When the government announced last year that homes owned by housing associations were to be included, almshouse charities asked for an immediate clarification, fearing that their properties might have to be made available for purchase.
There are almost 1,000 almshouses within the Borough of Barnet, more than any other London borough, and there are well over 170 within a mile of Barnet parish church, one of the highest concentrations in the country for a town of its size.
Peter White, chairman of the Lancelot Hasluck Trust, which has 44 almshouses off Parkside Gardens, East Barnet, and includes Chipping Barnet in its primary area of benefit, was one of the first local charity leaders to seek reassurances from the government about the future status of almshouse properties.
Jesus Hospital Charity, which has 54 almshouses in High Barnet, joined Mr White in writing to the Chipping Barnet MP, Mrs Theresa Villiers, urging ministers to respond.
Simon Smith, clerk to the visitors (trustees), told the Barnet Society that the lack of clarity in the government’s intentions had caused considerable uncertainty.
“We were facing the prospect of government policy breaking up the great historic tradition of benefactors providing homes for elderly and needy people, a tradition that in High Barnet’s case dates back to the 17th Century.”
After months of lobbying by the Almshouse Association, Greg Clark, the Secretary of State for Communities and Local Government, has finally given MPs an assurance that almshouse charities are entities that are distinct from housing associations, and therefore are not included in the right-to-buy scheme.
In welcoming the Mr Clark’s statement, Mrs Villiers said almshouses were part of the town’s unique identity.
“Here in High Barnet we have charities that are hundreds of years old, and that are still supporting local residents. There have been almshouses in Wood Street since 1672, and they are an integral, and much-loved, part of our local heritage.
“So obviously it makes sense for the government to respect the fact that almshouse charities are not the same as housing associations, and that they fall outside the right to buy scheme.”
Before the Secretary of State issued his reassurance, there had been months of media speculation that elderly people living in almshouses might be allowed the right to buy their properties, confusion that prompted the Almshouse Association to call on ministers to protect the unique status of member charities.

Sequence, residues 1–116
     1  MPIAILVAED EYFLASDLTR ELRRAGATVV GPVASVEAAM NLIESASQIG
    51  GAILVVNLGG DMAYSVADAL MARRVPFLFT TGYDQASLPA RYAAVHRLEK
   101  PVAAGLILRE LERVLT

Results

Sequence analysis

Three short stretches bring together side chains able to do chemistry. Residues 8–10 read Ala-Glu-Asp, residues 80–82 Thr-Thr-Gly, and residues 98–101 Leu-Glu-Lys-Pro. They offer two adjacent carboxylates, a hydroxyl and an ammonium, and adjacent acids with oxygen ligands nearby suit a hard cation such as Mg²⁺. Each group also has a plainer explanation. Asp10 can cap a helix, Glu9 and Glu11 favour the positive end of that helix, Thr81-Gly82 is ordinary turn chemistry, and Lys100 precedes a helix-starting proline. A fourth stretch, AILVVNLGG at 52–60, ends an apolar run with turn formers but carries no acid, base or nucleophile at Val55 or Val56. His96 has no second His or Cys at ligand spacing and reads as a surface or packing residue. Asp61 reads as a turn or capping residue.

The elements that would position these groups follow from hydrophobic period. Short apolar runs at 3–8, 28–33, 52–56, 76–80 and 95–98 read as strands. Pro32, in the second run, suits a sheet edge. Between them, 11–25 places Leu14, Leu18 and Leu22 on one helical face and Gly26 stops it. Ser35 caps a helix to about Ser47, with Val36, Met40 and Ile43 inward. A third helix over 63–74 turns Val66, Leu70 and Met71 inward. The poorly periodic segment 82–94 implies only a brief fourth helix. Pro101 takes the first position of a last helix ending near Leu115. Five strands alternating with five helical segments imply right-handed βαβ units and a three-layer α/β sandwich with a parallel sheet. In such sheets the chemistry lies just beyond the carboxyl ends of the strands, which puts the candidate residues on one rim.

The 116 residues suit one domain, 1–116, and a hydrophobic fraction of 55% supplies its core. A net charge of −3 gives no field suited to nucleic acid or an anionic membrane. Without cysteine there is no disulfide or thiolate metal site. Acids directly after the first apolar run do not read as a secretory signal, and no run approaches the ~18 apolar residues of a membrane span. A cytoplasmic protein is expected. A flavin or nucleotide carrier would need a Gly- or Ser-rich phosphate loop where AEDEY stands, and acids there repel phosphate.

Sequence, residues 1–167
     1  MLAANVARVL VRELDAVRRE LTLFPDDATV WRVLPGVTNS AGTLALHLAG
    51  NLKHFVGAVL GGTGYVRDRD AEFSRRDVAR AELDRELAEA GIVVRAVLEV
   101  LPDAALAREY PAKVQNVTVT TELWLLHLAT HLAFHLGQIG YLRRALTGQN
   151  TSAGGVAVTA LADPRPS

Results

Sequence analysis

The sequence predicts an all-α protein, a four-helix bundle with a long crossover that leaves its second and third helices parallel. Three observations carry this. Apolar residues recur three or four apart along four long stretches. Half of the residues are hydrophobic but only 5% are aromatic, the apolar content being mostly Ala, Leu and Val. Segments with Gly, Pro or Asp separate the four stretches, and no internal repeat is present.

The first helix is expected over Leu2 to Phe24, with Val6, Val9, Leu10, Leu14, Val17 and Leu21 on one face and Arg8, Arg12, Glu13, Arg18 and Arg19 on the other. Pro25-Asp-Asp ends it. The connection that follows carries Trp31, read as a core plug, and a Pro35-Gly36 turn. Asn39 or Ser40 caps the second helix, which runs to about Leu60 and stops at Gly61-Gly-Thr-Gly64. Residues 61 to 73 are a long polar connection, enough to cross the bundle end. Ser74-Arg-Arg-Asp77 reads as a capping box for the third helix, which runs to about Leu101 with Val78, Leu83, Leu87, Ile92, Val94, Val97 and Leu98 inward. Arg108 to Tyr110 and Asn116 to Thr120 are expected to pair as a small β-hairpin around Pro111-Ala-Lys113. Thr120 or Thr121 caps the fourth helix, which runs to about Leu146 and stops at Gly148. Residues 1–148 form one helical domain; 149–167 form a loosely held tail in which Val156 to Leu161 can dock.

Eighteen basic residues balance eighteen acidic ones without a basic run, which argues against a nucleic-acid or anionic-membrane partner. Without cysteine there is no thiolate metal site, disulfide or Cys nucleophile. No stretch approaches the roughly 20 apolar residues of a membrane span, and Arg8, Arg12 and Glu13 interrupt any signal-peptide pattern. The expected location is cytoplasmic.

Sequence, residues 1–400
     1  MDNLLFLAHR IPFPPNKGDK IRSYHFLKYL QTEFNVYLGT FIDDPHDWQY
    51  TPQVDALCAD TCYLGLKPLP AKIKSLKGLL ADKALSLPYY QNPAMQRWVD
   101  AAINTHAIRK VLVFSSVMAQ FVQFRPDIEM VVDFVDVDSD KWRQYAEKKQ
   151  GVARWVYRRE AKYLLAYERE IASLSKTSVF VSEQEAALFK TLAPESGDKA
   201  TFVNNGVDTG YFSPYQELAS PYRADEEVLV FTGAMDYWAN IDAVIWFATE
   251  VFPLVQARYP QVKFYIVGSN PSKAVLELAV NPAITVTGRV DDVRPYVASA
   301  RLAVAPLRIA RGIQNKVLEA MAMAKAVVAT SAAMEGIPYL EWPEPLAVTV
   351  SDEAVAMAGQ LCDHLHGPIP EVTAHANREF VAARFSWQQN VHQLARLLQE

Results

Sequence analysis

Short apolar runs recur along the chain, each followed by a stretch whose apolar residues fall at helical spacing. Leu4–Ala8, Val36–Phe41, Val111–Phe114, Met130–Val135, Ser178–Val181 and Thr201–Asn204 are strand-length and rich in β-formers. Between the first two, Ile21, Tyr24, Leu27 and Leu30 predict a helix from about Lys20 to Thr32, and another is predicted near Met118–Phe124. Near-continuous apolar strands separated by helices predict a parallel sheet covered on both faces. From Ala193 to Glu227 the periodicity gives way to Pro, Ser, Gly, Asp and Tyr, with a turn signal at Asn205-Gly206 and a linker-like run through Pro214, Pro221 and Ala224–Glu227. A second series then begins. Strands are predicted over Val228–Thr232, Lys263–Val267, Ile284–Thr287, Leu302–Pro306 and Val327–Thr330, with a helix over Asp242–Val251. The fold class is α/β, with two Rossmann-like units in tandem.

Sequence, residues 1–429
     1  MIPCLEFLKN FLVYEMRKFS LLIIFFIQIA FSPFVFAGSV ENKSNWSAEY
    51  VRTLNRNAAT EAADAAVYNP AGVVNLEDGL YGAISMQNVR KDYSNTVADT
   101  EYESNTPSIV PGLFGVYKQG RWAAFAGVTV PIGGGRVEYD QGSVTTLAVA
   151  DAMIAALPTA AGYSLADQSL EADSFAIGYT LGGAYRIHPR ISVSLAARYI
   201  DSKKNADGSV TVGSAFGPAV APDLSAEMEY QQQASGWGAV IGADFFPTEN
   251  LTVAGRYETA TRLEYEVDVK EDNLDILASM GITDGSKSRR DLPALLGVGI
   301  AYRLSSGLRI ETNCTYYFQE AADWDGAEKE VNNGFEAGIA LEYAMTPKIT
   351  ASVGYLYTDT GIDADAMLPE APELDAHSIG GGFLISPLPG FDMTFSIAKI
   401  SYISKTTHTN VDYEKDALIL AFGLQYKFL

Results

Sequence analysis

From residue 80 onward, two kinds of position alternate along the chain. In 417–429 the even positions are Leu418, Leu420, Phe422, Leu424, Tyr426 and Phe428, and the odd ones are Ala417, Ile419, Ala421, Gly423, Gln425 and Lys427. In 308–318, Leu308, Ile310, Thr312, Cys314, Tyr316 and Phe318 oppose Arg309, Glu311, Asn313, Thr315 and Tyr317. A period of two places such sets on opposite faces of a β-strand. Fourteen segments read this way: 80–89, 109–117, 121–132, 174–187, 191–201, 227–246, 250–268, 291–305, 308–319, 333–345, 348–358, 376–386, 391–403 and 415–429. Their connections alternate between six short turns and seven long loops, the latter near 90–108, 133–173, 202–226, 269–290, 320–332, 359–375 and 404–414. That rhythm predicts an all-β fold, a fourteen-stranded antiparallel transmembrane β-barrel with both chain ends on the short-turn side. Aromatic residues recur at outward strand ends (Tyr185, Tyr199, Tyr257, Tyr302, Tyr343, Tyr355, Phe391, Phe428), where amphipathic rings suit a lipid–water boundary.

the lack of clarity in the government’s intentions
had caused considerable uncertainty
Most of Barnet’s many almshouses bear the names of the original benefactors, and Mr Smith says it would have been a travesty if the continuing benefit of their generosity years ago was undermined by government action.
“Almshouses still play a significant role in providing accommodation for elderly people of limited means, who are often in housing difficulty, and the 16th and 17th century benefactors who established these charities intended their bequests to provide charitable housing for generations to come.
“One reason why obtaining government clarification was so important is because almshouses are expanding. For example, in response to the growing demand for affordable housing, Jesus Hospital are in the process of seeking planning permission to build some more almshouses in the area, and we were shocked by the thought they might be included in the right-to-buy scheme.”
In and around High Barnet there are four major almshouse charities:
Jesus Hospital Charity is responsible for 54 almshouses (including Ravenscroft’s, Garrett’s, Pagitt’s and Wilbraham’s) on sites in Wood Street, Monken Hadley, Potters Lane and Grasvenor Avenue.
Eleanor Palmer Trust: 74 almshouses and sheltered homes in Wood Street, Spring Close, Bells Hill and Chesterfield Road.
Thomas Watson Cottage Homes: 29 bungalows and flats in Leecroft Road.
Leathersellers’ Company: 21 flats at Leathersellers’ Close, The Avenue.
Mr Smith, and the visiting officer for the Jesus Hospital almshouses, Jane Porter, give regular talks on the history of almshouses, and explain why Barnet has benefited so greatly from the generosity of the early benefactors.
“Almshouses are a great British tradition, dating back more than a thousand years, and it is a concept that has been taken up around the world. The first almshouses were established in York in 970 by King Athelstan, the grandson of Alfred the Great,” said Mr Smith.
“Given this great historic legacy, you can see why the almshouse charities were so alarmed when we thought our properties might have to be sold off to residents, so we appreciate the fact that the government has finally listened and cleared up the confusion.”